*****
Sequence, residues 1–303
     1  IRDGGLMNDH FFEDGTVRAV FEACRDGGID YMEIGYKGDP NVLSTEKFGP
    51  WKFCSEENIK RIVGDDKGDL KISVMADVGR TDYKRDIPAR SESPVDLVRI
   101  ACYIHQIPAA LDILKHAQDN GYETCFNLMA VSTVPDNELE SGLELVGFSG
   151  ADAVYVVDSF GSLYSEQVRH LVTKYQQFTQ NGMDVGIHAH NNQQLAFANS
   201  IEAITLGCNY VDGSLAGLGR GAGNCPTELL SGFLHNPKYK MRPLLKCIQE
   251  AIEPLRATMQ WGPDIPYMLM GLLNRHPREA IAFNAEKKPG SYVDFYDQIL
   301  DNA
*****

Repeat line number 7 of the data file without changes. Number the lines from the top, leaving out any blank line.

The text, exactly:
   251  AIEPLRATMQ WGPDIPYMLM GLLNRHPREA IAFNAEKKPG SYVDFYDQIL